Through the site he also covered the 2006 midterm elections, correctly predicting the winner of all 33 Senate races that year.

For the 2008 elections, he got every state right except for Indiana, which he said McCain would win by 2% (Obama won by 1%) and Missouri, which he said was too close to call (McCain won by 0.1%). He correctly predicted all the winners in the Senate except for Minnesota, where he predicted a 1% win by Norm Coleman over Al Franken. After 7 months of legal battling and recounts, Franken won by 312 votes (0.01%).

In 2010, he correctly projected 35 out of 37 Senate races in the Midterm elections on the website. The exceptions were Colorado and Nevada.

Tanenbaum–Torvalds debate

The Tanenbaum–Torvalds debate was a famous debate between Tanenbaum and Linus Torvalds regarding kernel design on Usenet in 1992.[30]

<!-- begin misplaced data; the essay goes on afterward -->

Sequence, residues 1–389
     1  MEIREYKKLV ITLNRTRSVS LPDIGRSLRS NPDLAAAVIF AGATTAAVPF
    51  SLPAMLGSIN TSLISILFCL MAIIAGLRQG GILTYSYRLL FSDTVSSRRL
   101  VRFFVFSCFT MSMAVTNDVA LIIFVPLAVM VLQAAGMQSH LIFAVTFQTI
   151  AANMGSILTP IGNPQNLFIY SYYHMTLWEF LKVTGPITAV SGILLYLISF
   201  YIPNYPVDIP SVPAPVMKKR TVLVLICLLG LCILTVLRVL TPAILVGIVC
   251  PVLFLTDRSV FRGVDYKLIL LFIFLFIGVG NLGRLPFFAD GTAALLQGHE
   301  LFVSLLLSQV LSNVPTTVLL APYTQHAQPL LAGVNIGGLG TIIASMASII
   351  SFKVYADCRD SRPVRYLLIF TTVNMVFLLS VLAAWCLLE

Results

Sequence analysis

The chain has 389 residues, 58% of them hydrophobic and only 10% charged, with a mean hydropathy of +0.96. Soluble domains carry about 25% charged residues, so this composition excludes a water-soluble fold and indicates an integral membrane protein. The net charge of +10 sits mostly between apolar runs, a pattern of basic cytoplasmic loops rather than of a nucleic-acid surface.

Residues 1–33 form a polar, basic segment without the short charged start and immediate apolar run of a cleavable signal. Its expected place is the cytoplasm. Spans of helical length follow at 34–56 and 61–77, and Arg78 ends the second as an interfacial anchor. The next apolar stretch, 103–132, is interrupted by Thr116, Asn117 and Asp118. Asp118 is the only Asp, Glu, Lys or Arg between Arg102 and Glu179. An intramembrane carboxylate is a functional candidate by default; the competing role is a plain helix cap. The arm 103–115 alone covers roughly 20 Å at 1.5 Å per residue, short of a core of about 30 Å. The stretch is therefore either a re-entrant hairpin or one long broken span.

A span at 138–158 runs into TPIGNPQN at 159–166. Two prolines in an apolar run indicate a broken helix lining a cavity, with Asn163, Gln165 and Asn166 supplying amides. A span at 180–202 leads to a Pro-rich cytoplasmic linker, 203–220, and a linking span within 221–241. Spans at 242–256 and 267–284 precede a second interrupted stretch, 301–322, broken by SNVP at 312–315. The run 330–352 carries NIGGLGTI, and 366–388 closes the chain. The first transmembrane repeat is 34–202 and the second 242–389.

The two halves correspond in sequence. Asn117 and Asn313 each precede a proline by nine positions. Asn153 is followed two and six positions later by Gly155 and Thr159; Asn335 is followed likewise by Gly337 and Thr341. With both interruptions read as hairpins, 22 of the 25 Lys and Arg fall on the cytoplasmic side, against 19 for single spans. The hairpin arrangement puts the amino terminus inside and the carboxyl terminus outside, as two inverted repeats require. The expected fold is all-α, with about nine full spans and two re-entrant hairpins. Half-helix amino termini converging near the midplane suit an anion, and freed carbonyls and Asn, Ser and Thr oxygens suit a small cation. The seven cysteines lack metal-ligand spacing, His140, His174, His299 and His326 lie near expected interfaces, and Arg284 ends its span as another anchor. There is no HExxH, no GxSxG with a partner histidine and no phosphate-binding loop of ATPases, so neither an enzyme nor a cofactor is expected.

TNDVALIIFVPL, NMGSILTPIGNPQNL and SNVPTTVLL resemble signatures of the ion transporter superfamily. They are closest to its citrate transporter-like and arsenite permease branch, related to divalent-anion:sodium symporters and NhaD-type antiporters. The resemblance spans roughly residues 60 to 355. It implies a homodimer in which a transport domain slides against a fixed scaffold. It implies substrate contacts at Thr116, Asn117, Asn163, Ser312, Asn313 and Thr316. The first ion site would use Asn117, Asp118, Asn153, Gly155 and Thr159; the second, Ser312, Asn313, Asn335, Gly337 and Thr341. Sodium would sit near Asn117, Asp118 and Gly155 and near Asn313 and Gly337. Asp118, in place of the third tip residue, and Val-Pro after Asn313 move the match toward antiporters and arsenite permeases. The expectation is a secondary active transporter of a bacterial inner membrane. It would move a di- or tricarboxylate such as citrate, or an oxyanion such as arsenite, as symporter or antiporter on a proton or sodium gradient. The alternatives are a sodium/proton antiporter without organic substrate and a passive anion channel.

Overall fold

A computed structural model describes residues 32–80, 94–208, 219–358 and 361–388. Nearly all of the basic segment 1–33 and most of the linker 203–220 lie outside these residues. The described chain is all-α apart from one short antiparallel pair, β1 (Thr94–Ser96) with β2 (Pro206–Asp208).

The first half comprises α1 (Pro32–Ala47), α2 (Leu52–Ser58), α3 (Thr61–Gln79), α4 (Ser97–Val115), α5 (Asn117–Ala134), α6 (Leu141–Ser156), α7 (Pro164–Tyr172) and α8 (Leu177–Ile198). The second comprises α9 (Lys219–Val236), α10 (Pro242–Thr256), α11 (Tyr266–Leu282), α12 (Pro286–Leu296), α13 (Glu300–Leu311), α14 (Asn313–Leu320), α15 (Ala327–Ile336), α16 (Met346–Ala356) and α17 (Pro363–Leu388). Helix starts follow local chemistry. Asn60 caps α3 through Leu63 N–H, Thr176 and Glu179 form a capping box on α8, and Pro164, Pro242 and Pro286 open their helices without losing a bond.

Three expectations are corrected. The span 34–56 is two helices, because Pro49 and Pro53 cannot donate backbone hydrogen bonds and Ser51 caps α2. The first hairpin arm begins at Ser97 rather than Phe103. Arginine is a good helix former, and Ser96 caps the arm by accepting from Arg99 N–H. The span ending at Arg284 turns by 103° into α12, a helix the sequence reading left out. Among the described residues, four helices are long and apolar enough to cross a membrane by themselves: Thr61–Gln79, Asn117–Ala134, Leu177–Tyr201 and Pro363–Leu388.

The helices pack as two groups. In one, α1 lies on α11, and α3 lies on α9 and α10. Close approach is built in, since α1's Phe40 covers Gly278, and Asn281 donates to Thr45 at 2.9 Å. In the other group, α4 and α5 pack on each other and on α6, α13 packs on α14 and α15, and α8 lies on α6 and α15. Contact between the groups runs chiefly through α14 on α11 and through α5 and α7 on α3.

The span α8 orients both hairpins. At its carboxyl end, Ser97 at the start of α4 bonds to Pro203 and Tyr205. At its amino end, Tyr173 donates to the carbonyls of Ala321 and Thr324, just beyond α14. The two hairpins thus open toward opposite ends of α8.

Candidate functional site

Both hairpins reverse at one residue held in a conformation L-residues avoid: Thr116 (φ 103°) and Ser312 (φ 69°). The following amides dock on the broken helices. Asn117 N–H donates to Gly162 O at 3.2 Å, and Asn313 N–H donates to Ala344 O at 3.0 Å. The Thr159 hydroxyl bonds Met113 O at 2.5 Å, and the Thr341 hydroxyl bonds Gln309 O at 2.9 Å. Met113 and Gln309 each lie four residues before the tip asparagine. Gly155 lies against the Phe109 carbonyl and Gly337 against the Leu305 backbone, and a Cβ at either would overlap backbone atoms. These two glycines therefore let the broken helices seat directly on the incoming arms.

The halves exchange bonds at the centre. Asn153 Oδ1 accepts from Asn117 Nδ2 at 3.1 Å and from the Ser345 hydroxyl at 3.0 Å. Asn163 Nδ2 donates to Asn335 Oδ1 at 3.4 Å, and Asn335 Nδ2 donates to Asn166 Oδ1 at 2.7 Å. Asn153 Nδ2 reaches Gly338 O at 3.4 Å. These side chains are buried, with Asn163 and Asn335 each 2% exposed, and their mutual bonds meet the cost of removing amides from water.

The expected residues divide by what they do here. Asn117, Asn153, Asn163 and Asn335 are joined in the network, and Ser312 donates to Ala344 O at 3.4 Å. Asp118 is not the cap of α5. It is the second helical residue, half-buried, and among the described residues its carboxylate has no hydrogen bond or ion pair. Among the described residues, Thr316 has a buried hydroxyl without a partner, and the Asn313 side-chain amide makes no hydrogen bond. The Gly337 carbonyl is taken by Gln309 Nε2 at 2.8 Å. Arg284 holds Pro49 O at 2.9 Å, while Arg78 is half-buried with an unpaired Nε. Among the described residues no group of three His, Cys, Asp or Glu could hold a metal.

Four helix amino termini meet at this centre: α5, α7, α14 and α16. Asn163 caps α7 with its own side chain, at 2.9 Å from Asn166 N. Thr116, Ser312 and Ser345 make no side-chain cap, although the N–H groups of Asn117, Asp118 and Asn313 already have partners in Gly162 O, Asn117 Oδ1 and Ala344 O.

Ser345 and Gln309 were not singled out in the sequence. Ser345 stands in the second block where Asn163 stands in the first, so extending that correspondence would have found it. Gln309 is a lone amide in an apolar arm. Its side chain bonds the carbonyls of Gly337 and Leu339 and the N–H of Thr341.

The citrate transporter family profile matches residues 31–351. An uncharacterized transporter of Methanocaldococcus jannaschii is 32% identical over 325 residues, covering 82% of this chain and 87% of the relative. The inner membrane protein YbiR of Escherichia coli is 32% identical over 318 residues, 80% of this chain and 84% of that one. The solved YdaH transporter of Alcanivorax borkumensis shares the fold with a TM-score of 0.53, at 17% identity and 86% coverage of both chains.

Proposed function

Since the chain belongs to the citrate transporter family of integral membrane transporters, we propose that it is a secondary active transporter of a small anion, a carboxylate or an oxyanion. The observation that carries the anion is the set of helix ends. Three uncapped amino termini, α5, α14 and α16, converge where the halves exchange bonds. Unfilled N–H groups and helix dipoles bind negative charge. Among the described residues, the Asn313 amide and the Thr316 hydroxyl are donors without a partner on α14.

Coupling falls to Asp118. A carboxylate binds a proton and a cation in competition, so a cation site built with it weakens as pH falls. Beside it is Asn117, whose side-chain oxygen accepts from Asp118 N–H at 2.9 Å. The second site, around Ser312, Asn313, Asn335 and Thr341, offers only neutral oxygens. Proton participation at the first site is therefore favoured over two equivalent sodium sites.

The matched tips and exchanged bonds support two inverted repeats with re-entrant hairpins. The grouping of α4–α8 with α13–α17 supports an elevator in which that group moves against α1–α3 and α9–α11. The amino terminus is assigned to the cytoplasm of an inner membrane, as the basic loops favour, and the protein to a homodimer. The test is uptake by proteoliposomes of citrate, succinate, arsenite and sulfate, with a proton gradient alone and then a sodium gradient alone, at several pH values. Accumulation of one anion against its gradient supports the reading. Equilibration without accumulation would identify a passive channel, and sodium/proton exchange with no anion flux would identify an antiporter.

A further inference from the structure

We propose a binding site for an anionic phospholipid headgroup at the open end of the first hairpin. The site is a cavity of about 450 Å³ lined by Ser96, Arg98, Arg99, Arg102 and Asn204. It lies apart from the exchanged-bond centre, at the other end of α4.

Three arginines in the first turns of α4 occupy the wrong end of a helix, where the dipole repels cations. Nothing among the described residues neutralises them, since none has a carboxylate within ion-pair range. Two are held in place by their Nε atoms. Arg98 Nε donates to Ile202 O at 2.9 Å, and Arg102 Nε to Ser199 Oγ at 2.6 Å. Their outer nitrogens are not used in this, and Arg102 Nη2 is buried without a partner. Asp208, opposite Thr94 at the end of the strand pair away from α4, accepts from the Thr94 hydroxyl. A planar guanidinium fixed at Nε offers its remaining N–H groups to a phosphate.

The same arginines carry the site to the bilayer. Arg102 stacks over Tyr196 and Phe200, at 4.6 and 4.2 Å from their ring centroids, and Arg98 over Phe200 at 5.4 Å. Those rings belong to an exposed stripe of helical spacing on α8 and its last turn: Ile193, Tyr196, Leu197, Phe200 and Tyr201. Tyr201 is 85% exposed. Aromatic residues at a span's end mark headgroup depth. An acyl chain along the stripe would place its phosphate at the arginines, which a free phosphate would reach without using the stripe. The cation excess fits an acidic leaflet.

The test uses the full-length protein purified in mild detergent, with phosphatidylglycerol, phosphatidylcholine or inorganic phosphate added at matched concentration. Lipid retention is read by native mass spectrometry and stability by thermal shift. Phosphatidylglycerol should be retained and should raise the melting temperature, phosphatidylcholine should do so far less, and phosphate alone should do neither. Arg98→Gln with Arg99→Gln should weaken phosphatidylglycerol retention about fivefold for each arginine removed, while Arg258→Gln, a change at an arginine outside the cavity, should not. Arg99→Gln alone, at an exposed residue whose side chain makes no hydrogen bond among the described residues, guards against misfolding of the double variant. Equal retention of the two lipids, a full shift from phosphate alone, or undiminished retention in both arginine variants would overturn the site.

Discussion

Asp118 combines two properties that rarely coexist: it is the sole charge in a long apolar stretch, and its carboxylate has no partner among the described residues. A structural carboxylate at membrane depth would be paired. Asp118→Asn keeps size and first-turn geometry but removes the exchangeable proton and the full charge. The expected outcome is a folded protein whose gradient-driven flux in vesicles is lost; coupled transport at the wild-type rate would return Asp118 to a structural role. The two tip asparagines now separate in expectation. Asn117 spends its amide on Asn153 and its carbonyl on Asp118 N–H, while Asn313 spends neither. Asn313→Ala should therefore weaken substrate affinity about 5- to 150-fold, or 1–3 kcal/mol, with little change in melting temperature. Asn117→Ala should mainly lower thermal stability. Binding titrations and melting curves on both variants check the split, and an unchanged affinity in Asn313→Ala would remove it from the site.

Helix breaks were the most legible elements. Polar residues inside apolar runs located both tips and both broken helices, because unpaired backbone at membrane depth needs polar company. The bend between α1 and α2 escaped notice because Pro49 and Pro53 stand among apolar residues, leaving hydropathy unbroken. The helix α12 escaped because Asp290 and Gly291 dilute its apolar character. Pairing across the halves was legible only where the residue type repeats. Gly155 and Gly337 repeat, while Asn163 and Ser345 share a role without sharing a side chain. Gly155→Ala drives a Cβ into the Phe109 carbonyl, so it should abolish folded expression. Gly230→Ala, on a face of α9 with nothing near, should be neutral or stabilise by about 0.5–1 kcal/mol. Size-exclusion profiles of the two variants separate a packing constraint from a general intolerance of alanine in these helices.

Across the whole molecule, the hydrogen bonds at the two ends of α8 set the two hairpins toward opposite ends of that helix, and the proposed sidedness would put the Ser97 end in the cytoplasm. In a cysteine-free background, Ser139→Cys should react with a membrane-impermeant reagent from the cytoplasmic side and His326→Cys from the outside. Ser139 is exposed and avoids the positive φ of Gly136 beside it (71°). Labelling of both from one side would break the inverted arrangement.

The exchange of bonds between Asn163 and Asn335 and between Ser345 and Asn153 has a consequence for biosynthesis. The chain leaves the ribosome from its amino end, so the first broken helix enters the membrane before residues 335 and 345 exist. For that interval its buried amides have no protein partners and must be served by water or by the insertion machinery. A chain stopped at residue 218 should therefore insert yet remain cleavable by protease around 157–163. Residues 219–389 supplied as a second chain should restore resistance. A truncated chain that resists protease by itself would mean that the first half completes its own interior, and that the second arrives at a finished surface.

Honorary doctorates

Tanenbaum in Târgu Mureș
Tanenbaum is 4th from left

Keynote talks

Tanenbaum has been keynote speaker at numerous conferences, most recently


  1. Bal, H. E.; Steiner, J. G.; Tanenbaum, A. S. (1989). "Programming languages for distributed computing systems". ACM Computing Surveys. 21 (3): 261. doi:10.1145/72551.72552.
  2. 1 2 Steen, Maarten van; Tanenbaum, Andrew S. (2007). Distributed systems: principles and paradigms. Upper Saddle River, NJ: Pearson Prentice Hall. ISBN 0-13-239227-5.
  3. 1 2 Tanenbaum, Andrew S. (2008). Modern operating systems. Upper Saddle River, NJ: Pearson Prentice Hall. ISBN 0-13-600663-9.
  4. 1 2 Tanenbaum, Andrew S. (1995). Distributed operating systems. Englewood Cliffs, N.J: Prentice Hall. ISBN 0-13-219908-4.